Q and A: Winding resistance testing
Winding resistance tests are used to assess the condition of the current carrying path between transformer bushing terminals. Experts recommend that this test is carried out routinely as, arguably, it can reveal more incipient failure modes than most other tests. Problems such as loose, defective or incorrect connections; open, partially-open (i.e., broken strands); short-circuited turns in windings; or high contact resistance in tap changers will result in a change in resistance, and therefore be indicated by an unexpectedly high, low (for short-circuits) or unstable resistance measurement. Here are some of the questions the Megger helpline frequently receives about this invaluable test.
Q: Some more experienced colleagues have told me that we have only recently started performing routine winding resistance tests because of the dangers involved. Can you explain these dangers and suggest how they can be mitigated?
A: A transformer winding is an inductor and, if an inductor is suddenly open-circuited while dc current is flowing through it, it will try to oppose the change in current by developing a high voltage. The voltage is given by V = IR + Ldi/dt, where I is the dc test current, R is the resistance of the winding, L is the inductance of the winding, and di/dt is the rate of change of current. If a test lead falls off or is pulled off a bushing terminal during the test, a dangerously high voltage will develop. For example, if the winding has an inductance of 100 H, the test current is 25 A and di/dt = 25/0.1 (that is, the time taken for the test lead to disconnect and the current to fall from 25 A to 0 A is 0.1 s), the voltage developed will be more than 25,000 V! In addition, when dc test current is injected into a winding for the duration of a winding resistance test, a lot of energy is stored in a transformer’s magnetic field. This energy has to be dissipated before leads can be safely disconnected, which can take several minutes for a large transformer. To safeguard personnel, the asset under test, and the test instrument, Megger winding resistance test instruments are equipped with multiple safety features.
- A safety circuit that provides an “escape path” for energy dissipation. (This uses current and potential leads to provide an alternate discharge path if leads are accidently disconnected)
- Protection/automatic discharge when input power is lost or when the test current is accidentally changed before discharging the existing test current.
- A test current indicator that remains functional even when instrument power is lost.
- An emergency off switch
Q: How can I be sure that my winding resistance test results are representative?
A: Make sure that the voltage (measuring) leads are “inside” the current (source) leads – using Kelvin clamps will remove any doubt about test connections but you’ll still need to be sure that the clamps make good contact with the bushing terminals. The transformer core must be saturated to obtain representative results; if it isn’t, errors in excess of 20% are possible. Having an understanding of which instrument is the best to do each job is helpful. Generally, the test current should be greater than 1% of the winding current rating but should not exceed 15%, as given in IEEE C57.152, to avoid heating of the winding. If the test current is too high, this may cause an unquantifiable error as winding resistance is temperature dependent. Check that your results compare well (within a couple of percent) between phases and with previous test results. Note, however, that when you make comparisons with previous results, your measured results, Rm, must be converted to temperature-compensated results, Rs, to take into account the temperature difference between the two tests. This is particularly important if the previous test results are factory measurements.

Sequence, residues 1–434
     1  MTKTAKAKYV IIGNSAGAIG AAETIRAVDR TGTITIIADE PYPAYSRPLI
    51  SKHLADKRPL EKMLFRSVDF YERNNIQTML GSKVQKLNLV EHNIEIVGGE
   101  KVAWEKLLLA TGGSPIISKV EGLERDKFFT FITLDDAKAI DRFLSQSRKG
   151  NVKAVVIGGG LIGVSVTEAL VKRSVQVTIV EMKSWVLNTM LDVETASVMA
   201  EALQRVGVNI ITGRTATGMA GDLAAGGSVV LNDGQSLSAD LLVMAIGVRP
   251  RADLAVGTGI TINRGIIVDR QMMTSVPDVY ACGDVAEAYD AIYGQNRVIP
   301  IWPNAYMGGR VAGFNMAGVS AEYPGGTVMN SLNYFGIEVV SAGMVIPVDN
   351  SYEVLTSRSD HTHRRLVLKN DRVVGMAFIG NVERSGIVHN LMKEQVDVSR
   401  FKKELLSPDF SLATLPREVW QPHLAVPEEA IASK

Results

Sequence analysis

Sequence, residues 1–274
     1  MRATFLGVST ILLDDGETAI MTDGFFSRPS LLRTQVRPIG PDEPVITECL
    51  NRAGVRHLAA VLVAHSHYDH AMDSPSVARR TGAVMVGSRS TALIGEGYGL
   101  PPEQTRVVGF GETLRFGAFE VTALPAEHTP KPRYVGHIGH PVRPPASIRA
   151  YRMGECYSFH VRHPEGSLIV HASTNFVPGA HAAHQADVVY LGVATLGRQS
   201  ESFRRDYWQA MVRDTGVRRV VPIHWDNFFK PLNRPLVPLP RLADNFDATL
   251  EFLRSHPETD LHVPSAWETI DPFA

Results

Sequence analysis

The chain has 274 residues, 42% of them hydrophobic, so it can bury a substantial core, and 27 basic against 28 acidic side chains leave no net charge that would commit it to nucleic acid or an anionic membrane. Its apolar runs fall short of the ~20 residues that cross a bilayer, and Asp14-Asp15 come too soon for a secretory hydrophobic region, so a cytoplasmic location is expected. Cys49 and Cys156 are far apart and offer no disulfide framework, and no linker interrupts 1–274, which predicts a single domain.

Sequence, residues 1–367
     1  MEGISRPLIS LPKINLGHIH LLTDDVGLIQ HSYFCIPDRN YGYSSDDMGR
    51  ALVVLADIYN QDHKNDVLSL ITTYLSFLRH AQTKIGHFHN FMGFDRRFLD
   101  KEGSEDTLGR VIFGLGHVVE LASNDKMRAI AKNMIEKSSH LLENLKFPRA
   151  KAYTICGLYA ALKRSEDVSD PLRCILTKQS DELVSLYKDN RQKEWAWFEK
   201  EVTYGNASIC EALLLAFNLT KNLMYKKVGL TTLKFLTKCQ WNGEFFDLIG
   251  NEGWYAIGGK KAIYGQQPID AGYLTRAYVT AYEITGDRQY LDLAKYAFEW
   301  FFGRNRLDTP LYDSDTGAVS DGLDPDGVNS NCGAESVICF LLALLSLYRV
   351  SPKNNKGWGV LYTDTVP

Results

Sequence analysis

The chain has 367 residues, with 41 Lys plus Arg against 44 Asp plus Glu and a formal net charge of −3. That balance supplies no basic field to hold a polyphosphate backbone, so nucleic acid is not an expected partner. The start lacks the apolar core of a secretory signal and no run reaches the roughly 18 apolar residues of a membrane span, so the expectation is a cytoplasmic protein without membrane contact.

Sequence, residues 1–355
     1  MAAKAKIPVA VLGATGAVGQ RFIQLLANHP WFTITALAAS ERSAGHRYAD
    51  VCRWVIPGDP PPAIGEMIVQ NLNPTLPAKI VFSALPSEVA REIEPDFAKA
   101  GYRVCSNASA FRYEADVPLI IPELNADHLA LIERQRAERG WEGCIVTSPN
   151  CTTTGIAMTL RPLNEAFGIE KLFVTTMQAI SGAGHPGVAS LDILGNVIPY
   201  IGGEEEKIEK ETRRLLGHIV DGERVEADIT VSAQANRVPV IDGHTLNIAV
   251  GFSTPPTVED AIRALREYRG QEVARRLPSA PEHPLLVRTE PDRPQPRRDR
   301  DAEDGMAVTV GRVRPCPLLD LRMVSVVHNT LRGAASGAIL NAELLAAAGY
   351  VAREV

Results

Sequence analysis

Q: My test results are not stabilizing and I’m questioning whether the transformer core is saturated. What should I do?
A: It is often thought that higher test currents speed up the saturation of large transformers but, in the majority of cases, this isn’t true. Voltage determines the saturation rate of the test, as given by: (flux) ɸ = Volts * t (seconds). Therefore, when selecting a test instrument, compliance voltages above 40V dc are preferred. Make sure however, that the test current is greater than 1% of the current rating of the winding under test. To improve saturation on transformer windings when charging time is slow, connecting the primary and secondary windings in series may help. This speeds up the test by providing more volt-turns of charge. It is important, however, to ensure that the windings are connected so that the current through them produces a unidirectional flux in the core. With this setup, the test current will flow through the high voltage winding and the low voltage winding in series, while the dc voltage drop will only be measured across the low voltage winding, for example. Since current will not flow into the X1 bushing terminal, be aware that the X1 bushing connection integrity will not be assessed during this variation of the test.